I was rather surprised to see my book The End of Policing being used as a prop by Senator Ted Cruz during the confirmation hearings for Supreme Court nominee Ketanji Brown Jackson on March 22. Given that Judge Jackson has impeccable credentials and abilities, the strategy of the GOP has been to use her nomination to tar the Democratic Party broadly with the brush of “reverse racism” rather than speak to her actual qualifications.
During the hearing, Cruz attempted to discredit Jackson by falsely linking her to critical race theory, a specific school of legal scholarship that sees law making and enforcement processes through a lens of structural racism. This is an easily defensible view given the central role racism has played on our legal processes from slavery through Jim Crow and into the modern period of mass incarceration and abusive policing.
But, of course, Cruz doesn’t actually want to debate the fine points of legal jurisprudence, much less explore the nature and history of American racism. Instead, he wants to suppress such discourse through McCarthyist fearmongering. Cruz is hoping the American public will be terrified by the idea that their children are being exposed to the existence of American racism in its many forms.
While I’m honored to be included in Senator Cruz’s list of critical race theory texts, this intentional confusion of a specific school of legal scholarship with the broader effort to shed light on the nature and history of racism in America is actually a dangerous attack on the movements to advance racial justice in America. Cruz hopes both to suppress ideas critical of core American institutions and to gin up a white nationalist backlash—one that can not only be used to rally the GOP base at the polls but also be deployed against calls to end mass incarceration, reduce our reliance on policing, and invest in the schools, communities, and families that have suffered generations of discrimination, abuse, and defunding.
Cruz and his fellow travelers are committed to the myth of color-blindness, in which race is reduced to a discredited ideology of the past. According to this view, we don’t have active racism in the United States, and anyone who complains of it is mobilizing a form of “racial essentialism” that not only discriminates against white Americans but also relegitimizes race as a real thing.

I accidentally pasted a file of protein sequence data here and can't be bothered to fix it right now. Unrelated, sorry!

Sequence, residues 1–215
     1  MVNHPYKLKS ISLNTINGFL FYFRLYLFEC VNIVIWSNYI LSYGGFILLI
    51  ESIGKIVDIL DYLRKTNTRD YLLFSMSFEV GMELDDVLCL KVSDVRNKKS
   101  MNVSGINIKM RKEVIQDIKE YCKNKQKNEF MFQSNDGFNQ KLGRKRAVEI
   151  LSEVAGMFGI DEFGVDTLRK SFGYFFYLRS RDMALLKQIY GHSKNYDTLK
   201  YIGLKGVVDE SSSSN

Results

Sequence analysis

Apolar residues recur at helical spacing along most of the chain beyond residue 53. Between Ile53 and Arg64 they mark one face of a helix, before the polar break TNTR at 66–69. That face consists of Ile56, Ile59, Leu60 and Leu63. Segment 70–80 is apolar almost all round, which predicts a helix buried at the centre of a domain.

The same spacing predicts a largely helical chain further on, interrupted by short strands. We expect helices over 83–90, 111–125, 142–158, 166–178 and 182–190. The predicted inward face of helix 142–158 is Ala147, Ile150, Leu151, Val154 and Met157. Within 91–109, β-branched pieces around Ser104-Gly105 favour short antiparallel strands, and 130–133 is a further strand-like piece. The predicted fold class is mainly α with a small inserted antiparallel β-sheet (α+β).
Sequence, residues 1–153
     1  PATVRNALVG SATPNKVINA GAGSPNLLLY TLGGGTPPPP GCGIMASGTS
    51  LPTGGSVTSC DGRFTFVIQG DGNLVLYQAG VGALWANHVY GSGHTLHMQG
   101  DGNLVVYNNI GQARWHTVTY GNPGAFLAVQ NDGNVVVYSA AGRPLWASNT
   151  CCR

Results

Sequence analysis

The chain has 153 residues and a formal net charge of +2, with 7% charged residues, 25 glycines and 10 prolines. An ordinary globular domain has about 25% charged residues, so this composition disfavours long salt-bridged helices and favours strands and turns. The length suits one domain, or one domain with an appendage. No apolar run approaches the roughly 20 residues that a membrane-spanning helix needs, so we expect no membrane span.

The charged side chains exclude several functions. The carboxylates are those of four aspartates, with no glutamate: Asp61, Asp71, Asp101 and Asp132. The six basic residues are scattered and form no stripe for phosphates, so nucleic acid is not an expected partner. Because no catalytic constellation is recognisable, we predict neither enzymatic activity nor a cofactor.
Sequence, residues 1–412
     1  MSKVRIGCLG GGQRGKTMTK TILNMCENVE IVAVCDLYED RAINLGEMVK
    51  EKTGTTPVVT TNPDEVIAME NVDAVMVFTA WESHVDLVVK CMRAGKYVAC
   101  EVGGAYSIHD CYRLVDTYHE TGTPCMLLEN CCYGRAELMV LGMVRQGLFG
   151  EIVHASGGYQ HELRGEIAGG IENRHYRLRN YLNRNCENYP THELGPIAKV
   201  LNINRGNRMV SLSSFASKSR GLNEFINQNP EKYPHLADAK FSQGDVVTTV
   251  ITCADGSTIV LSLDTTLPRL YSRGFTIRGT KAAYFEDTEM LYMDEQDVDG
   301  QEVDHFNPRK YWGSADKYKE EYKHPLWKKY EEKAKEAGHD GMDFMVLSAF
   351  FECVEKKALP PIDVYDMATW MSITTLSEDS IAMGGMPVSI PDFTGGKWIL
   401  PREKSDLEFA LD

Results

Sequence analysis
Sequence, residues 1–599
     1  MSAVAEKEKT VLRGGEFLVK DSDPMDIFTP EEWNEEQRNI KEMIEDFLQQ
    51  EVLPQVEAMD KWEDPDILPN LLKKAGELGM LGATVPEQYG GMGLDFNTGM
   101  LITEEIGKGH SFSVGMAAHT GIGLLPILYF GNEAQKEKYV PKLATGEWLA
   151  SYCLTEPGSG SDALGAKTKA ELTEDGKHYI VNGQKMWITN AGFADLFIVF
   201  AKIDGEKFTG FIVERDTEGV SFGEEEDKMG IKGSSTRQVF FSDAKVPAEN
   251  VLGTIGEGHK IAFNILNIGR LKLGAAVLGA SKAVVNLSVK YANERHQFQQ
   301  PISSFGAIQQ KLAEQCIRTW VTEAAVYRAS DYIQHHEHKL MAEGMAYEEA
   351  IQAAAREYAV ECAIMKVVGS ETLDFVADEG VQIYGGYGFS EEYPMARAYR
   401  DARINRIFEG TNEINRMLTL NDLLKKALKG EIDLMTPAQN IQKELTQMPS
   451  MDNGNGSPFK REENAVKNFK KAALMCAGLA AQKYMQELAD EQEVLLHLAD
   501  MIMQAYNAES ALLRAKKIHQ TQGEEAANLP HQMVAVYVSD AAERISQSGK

But of course this is not how racism works. Race is neither a biological fact, nor an empty ideology. It is a complex set of social facts that have very real power to shape the lives of those subjected to its organizing power. When employers, landlords, bankers, and cops make decisions about people based on a racial categorization, that has real implications for those affected, even if no one uses the “n-word” or writes race into a statute. Predatory lending practices, real estate steering, housing segregation and its effects on education access, racial profiling in policing, and workplace discrimination are widespread in the United States. But anyone who complains about these things is quickly labeled as someone trying to maintain a system of biological racism. By erasing the reality of racism both historically and today, Cruz is facilitating the continuation of those racist practices. And that is the ultimate aim of the right-wing attacks on critical race theory.
While Jackson deflected these attacks in relation to her nomination, we must go much further. It is not enough to buy a few banned books or put a #Black Lives Matter sign in our yard. We need to take concrete steps to build political power around an agenda of social transformation that fully acknowledges the role that racism plays in advancing the interests of the wealthy and powerful who mobilize racial difference to deny us high-quality public schools, national health care, living wages, decent housing for all, and truly safe and secure communities.
The only way we are going to win these things is by bringing the history of US racism into the open and developing strategies to work across race lines to build solidarities rooted in our shared interests. All across the United States, labor unions, community-based movements, and civil rights organizations are working to build these alliances through campaigns to provide Medicare to all; build supportive housing for those on the streets; demand well-funded schools, not school police; insist on a living wage for all; and turn the problem of opioid overdoses over to public health providers, not police and prisons.
Cruz, like many GOP members of Congress, has built his political career on mobilizing the myth of race-blindness to stoke racial resentment by whites. He understands that as long as the United States refuses to stare its history of racism in the face, it is doomed to repeat it—in fact, he’s counting on it.